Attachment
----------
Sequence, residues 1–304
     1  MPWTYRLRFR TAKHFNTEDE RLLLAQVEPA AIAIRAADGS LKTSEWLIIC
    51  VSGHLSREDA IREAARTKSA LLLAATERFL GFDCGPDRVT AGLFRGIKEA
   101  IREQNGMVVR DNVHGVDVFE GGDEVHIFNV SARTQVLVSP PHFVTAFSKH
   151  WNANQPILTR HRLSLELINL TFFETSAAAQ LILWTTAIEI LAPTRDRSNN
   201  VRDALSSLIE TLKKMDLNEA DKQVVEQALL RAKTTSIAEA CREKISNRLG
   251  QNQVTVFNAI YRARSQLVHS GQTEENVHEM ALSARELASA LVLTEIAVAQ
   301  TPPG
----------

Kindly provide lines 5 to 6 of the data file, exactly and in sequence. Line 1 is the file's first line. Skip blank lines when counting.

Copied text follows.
   151  WNANQPILTR HRLSLELINL TFFETSAAAQ LILWTTAIEI LAPTRDRSNN
   201  VRDALSSLIE TLKKMDLNEA DKQVVEQALL RAKTTSIAEA CREKISNRLG